With it being what should be the coldest part of winter here, a bonnet was obviously the ideal gift, and Cat’s Pajamas was the perfect yarn (soft, washable, wonderful). Now, how best to construct it in the most painless manner? Creating a pleasing edge to a piece of double-knitting is one of the newish to DK knitter’s major woes. Ah, perhaps an I-cord could be incorporated along the edges of two-colour DK? That would eliminate the edge frustrations.
A narrow swatch followed. Now, if each row of the fabric were begun with a row of I-cord with one or the other yarn, it would work. But doing that meant the growth of the cord would lag behind that of the central fabric. So, two rows of cord would need to be worked before each row of DK. Should the two rows be worked in one colour only, or one row of each?
Experimentation followed. Although the single colour cord worked, its attachment to the DK fabric was less attractive (albeit not hideously ugly). I preferred the striped I-cord from a structural perspective. You could stripe with one row of each colour in turn to produce an alternating stripe A/B /A/B /A/B, or you could use A/B on one row and B/A on the next, producing a two-row stripe: A/B B/A A/B B/A.
This last variant I quite liked, but it would add considerable further complexity to writing (and reading) the pattern for no significant gain. I could mention the two-row stripe option in the Variations section. In fact, you could work your initial bonnet cords in a similar stripe pattern if you didn’t like the change in the cord when you reach the bonnet.
It seemed a little tedious to have to begin by knitting the I-cord bonnet ties (before you even had a bonnet), so I considered starting them provisionally with a view to returning to them later, but that didn’t really help. My idea had been to take the two established cords and add one to either end of the cast on edge so that they would be seamlessly incorporated.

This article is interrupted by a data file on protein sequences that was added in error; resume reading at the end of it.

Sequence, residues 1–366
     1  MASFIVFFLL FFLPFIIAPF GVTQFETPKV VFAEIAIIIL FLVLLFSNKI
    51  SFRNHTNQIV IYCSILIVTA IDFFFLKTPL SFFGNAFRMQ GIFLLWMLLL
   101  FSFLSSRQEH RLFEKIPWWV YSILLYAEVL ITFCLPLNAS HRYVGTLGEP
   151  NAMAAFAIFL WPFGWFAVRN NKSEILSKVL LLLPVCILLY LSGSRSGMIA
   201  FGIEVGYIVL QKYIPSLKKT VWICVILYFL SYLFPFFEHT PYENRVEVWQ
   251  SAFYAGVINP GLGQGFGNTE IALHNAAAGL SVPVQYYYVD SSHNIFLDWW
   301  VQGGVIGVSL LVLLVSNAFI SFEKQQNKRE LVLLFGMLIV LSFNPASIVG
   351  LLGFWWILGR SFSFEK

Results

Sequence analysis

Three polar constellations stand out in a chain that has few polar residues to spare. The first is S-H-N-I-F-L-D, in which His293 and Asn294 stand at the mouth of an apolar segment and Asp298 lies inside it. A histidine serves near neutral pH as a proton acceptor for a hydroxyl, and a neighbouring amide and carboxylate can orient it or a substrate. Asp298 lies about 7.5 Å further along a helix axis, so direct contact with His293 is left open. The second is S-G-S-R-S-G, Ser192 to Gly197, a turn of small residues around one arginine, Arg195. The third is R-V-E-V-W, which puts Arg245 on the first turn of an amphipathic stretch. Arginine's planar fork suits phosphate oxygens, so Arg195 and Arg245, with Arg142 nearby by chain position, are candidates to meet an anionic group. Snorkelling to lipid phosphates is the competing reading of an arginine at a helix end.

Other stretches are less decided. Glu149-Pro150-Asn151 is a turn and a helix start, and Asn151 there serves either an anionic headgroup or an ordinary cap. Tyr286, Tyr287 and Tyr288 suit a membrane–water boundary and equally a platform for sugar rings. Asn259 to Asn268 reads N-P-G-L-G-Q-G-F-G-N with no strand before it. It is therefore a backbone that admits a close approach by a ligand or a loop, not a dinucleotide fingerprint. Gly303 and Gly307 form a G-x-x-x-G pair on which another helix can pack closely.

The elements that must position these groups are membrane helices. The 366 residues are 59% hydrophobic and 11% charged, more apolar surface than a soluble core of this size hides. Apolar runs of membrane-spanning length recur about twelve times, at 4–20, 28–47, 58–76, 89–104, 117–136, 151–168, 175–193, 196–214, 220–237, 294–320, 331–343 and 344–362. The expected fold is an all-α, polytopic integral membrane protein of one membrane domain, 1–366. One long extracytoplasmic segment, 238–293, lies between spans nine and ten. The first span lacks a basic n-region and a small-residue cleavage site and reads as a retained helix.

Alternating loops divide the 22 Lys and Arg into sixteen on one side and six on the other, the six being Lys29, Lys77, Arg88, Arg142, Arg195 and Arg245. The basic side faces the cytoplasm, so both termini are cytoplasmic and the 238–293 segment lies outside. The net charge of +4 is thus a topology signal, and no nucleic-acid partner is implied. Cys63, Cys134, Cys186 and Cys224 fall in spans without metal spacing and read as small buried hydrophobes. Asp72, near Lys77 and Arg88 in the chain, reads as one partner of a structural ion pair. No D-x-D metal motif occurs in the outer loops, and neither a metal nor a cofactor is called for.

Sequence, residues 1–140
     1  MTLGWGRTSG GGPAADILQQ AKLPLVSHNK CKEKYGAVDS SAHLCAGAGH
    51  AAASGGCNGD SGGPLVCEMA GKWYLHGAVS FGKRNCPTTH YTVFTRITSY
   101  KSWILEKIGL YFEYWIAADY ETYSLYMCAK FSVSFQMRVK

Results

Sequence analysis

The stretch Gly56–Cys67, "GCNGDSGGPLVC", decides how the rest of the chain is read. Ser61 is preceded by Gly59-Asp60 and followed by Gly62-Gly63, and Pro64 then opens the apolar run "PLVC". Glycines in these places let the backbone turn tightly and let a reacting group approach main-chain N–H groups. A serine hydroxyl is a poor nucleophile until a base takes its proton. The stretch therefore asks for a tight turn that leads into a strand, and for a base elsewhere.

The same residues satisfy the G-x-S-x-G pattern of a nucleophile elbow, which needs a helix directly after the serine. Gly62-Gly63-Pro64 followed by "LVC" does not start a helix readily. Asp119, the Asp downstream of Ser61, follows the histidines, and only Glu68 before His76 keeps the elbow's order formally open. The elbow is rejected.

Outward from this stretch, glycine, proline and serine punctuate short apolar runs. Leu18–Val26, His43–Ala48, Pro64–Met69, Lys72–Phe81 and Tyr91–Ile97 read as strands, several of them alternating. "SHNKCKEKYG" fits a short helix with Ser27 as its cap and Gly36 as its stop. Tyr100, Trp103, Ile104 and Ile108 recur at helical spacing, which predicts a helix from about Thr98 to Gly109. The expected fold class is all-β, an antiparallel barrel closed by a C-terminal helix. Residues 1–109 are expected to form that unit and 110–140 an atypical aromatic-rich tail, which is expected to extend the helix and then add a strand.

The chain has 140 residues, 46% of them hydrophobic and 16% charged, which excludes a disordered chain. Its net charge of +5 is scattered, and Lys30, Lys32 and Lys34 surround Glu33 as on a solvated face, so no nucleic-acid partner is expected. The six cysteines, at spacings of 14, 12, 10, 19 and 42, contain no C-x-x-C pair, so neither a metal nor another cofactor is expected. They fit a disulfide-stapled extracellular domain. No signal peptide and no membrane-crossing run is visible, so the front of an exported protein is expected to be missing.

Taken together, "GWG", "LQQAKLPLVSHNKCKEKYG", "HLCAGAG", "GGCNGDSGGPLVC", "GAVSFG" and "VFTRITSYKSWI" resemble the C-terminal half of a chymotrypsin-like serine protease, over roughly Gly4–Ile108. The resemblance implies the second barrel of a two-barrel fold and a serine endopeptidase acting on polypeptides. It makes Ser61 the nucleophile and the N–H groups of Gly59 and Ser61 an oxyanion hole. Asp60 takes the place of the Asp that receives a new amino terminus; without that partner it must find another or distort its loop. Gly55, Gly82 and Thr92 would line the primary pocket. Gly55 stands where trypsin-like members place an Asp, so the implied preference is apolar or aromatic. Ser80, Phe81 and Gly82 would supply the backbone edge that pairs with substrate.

I intended that the bonnet edge should be begun with an elegant tubular cast-on. However, that is not a well known cast-on and, as some of you have discovered, it can be subject to a few vagaries of fate. So I headed for the computer and drew as well as described the tubular cast-on in a step by step format and wrote words of encouragement for any faint-hearted knitter. I followed that by creating a short-cut using Long-Tail cast-on for those that didn’t meet with ‘tubular’ success or had no wish to try this cast-on. (I’d hate to lose a knitter just because they don’t know or don’t like a certain cast-on method.)
Now followed the needle size transitions and experimentation. Swatches were made and needles sought. Once a happy combination was found, I was ready to get on with the patterns and knitting: that part was fun, as the project grew so quickly. The plan was to complete the flat part of the bonnet (worked to and fro) and then to put the stitches from the cords onto holders and fold the remaining stitches into the round and to complete the crown of the hat in the round from there, which would avoid the need to bind off any stitches at all! (That comes out sounding more complex than it actually is: it’s fairly straightforward in real life.)